She was cast as Elsie Tanner in a live show based on Coronation Street characters, Street of Dreams, which collapsed rather ignominiously before it had really ever started. She also had a good role in Candy Cabs, a TV yarn about an all-female taxi company, but the series was axed after the last episode went out, and has been in production limbo ever since.
However, among the few downs, there have been many ups, with appearances in Hustle, Loose Women, Waterloo Road, and presenting the midweek National Lottery Show.
She also regularly sits in for her mate Paul O’Grady when he is absent from his BBC Radio 2 slot.
For Calamity Jane, she read as much as she could in preparation for the role.
“She was obviously quite a gal, and there are so many stories about her – both for her, and against her. Her own account of her life is – as you’d suspect – very positive and very colourful. Other people who knew her were less enthusiastic.
“She was certainly feisty, and very gutsy. But, in the end, all I can do is play her as she’s been written for the show, larger than life – but with a vulnerable side. And I rather like those two contrasts.
“I’ve lost track of the number of times that I’ve sung Secret Love, but with every show I have to put it over as if it is the first time I’ve performed it – and with lyrics and music like that, that’s not the hardest job to do.
“Same with As Long As He Needs Me, from Oliver! You’re given a classic, so give it your very best shot.”
She loves talking about how audiences have reacted to Calamity Jane – apparently there have been nights when folk have been so energised by the show that they’ve been up and doing hoe-downs in the aisles.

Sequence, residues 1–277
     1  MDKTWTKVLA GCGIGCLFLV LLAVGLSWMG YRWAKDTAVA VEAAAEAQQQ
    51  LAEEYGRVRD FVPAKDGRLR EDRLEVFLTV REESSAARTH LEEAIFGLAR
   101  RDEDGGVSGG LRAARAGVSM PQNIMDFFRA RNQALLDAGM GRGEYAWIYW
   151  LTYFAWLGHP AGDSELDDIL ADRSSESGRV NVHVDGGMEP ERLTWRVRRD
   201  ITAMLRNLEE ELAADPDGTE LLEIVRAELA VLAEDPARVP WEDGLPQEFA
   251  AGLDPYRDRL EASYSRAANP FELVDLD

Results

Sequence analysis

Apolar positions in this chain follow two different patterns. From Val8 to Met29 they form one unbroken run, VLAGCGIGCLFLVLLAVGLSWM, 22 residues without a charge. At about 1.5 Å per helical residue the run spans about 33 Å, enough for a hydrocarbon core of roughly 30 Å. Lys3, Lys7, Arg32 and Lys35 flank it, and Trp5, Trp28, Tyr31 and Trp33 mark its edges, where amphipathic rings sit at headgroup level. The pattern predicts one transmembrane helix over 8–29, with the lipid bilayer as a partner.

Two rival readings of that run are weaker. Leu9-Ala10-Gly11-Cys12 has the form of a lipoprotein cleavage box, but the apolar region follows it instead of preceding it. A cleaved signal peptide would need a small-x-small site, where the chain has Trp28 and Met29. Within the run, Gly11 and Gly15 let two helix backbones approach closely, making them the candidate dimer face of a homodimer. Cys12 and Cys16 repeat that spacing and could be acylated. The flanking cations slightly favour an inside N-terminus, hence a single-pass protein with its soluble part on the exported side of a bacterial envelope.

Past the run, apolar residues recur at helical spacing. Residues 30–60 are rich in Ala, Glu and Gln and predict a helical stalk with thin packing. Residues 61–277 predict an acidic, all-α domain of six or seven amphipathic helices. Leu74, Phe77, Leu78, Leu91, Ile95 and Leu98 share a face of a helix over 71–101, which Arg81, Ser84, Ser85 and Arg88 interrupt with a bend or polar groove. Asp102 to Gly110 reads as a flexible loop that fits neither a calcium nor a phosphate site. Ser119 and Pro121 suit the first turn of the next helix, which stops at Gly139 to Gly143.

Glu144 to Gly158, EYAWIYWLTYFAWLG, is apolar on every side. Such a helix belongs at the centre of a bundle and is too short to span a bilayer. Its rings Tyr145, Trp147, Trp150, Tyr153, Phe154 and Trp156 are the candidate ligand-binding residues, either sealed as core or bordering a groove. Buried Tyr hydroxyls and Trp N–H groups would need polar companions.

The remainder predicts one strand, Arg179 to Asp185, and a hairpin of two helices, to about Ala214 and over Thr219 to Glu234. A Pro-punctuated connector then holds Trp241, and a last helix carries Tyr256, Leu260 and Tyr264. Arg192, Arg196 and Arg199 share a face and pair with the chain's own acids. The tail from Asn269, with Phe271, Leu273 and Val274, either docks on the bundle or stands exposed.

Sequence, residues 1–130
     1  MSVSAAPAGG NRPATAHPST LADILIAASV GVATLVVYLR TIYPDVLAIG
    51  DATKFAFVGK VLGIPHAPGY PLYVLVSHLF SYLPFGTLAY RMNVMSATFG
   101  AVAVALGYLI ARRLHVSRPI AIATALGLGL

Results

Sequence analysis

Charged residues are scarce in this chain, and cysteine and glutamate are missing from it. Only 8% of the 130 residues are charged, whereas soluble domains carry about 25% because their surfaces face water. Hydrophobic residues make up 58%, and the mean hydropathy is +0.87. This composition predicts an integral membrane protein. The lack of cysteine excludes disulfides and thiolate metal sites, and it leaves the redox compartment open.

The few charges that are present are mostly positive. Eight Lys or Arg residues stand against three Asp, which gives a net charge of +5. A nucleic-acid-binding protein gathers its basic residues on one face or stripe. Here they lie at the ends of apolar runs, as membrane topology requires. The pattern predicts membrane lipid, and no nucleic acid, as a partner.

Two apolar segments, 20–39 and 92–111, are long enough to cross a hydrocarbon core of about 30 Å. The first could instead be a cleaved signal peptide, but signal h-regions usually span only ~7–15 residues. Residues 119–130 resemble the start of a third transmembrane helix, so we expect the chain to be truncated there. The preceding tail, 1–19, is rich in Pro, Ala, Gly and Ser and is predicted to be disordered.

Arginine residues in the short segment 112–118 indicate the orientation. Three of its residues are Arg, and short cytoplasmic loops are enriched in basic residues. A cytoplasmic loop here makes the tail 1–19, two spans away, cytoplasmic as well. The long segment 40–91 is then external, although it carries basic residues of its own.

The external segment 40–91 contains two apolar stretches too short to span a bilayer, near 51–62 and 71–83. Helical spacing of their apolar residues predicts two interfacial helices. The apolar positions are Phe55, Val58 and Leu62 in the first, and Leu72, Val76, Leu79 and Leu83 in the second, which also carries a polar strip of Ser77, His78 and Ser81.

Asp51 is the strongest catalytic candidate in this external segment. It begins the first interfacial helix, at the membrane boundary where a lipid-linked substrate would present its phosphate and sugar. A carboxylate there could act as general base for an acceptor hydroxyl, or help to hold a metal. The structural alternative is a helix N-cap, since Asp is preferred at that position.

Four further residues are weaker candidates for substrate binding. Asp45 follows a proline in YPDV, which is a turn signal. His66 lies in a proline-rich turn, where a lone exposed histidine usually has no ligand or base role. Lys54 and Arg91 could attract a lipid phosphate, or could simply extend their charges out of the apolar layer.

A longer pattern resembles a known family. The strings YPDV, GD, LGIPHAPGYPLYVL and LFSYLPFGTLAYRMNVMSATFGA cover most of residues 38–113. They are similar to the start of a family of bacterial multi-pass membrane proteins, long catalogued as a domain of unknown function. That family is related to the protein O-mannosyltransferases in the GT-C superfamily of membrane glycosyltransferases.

Not that she’s resting on her laurels. She admits to being superstitious and to being nervous before every show – there’s even a “kiss kiss and big hug” routine she goes through before going on stage.
There are talks about other projects for the end of the year, but she’s refusing to say anything about them until it’s all signed and sealed.
“I’d love to play Rose, in Sondheim’s great musical, Gypsy, at some point in the future – it’s one of the best parts that there is. But I’m going to have to wait, because I’m far too young for it yet.”
Her advice to youngsters wanting to follow in her footsteps is that “they should be themselves, not pale imitations of someone else. Always give it your very best shot – second best is not acceptable. Oh, and remember that it is ‘Nice to be important – but far more important to be nice’.”
Miss Prenger may still be in her thirties but she is already a pretty wise old bird…
• Calamity Jane, at the Bradford Alhambra, February 3 to 7. 01274 432000, www.bradfordtheatres.co.uk; York Grand Opera House, February 10 to 14. 0844 8713024.